It would get worse, much worse. His studio, Lionsgate had a wall of attorneys assigned to the film. He had as much trouble fighting with them for what he could DO and he did with BP over what he couldn’t do. Deepwater Horizon makes one specific point absolutely clear and Berg fought for a week to be permitted to say it. This disaster was caused by corporate greed.
Death of a President, a fictional documentary covering the October 19, 2007 assassination of George W. Bush in Chicago, Illinois, premiered at the 2006 Toronto International Film Festival where it garnered the International Critics Prize.
Despite the fact that Death of a President captured a total of 6 awards, Newmarket Films, who paid one million dollars for the U.S. distribution rights, failed to sway Regal and Cinemark, two of the largest U.S. cinema chains, to screen the British film. CNN and National Public Radio refused to broadcast any ads. Thus, you probably never even heard of “the most controversial film of 2006.”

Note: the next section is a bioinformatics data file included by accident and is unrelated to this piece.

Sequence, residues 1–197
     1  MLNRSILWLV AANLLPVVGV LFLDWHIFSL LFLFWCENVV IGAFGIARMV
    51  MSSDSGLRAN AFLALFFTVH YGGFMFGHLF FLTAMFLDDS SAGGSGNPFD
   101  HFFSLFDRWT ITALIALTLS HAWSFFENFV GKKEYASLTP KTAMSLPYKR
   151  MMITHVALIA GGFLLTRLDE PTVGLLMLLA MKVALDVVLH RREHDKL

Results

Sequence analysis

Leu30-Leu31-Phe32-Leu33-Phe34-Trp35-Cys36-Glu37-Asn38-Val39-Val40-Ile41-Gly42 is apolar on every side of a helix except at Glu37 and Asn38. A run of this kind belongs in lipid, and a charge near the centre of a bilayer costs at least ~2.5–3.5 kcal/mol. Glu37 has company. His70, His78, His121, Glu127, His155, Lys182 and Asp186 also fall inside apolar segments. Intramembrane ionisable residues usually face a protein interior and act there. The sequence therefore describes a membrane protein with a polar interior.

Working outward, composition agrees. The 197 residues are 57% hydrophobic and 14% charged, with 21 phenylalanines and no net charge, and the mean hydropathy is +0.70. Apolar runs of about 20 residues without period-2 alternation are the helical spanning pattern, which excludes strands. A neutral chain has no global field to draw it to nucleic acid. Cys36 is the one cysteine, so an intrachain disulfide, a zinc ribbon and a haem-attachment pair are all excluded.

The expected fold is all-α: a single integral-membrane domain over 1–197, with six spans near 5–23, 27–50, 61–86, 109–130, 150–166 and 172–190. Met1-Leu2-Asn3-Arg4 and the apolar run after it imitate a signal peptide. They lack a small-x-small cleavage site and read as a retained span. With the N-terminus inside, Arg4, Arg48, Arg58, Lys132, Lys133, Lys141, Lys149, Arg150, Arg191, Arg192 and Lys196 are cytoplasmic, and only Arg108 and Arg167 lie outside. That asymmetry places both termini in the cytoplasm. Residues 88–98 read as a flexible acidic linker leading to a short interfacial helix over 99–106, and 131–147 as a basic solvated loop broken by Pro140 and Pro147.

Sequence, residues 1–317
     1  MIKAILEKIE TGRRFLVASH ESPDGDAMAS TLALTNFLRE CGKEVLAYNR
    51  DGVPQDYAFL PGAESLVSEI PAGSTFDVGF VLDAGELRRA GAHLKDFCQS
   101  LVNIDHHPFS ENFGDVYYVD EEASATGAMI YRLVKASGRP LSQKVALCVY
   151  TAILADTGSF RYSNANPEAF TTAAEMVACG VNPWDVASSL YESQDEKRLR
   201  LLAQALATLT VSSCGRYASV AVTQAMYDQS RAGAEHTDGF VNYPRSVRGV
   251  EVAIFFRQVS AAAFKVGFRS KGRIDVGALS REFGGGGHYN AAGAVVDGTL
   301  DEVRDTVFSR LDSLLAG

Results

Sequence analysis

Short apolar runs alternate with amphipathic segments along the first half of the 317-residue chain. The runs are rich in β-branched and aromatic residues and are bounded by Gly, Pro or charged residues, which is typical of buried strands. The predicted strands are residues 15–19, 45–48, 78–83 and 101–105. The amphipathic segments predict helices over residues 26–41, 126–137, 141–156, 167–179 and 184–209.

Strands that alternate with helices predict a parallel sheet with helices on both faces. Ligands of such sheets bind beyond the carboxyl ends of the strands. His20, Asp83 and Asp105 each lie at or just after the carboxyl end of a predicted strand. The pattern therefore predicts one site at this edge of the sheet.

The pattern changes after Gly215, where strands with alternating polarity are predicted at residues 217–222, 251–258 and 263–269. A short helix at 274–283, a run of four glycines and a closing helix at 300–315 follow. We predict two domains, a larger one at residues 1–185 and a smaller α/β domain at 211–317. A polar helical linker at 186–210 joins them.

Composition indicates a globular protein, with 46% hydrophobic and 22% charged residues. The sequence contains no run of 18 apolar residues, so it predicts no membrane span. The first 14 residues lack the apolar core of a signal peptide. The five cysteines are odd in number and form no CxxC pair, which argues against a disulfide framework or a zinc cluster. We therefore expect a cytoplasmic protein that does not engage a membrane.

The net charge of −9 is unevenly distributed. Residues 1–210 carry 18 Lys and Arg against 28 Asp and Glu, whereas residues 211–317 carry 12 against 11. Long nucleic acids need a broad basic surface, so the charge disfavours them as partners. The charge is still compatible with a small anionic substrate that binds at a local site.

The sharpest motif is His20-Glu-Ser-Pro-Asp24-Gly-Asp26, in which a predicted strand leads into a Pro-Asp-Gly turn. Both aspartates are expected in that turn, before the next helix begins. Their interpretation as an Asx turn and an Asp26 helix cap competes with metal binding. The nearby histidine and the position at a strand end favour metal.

Although she had not bothered to see Death of a President, Hillary Clinton, then junior Senator from New York, was also quick to condemn it. “I think it’s despicable. I think it’s absolutely outrageous. That anyone would even attempt to profit on such a horrible scenario makes me sick.”
Now, we have Kim Jong-un, threatening cyber war over The Interview, as Sony briefly cancels its planned Christmas release, citing threats of violence by hackers who ironically call themselves the Guardians of Peace. The FBI and the White House both claim that North Korea is behind the initial computer hack waged against Sony Pictures, as well as the threats of 9/11 type retribution should Sony permit The Interview to play in theaters.
Senator John McCain called Sony’s decision to cancel the movie a “troubling precedent that will only empower and embolden bad actors to use cyber as an offensive weapon even more aggressively in the future.” But, I wonder what he said back in 2006 when roles were reversed.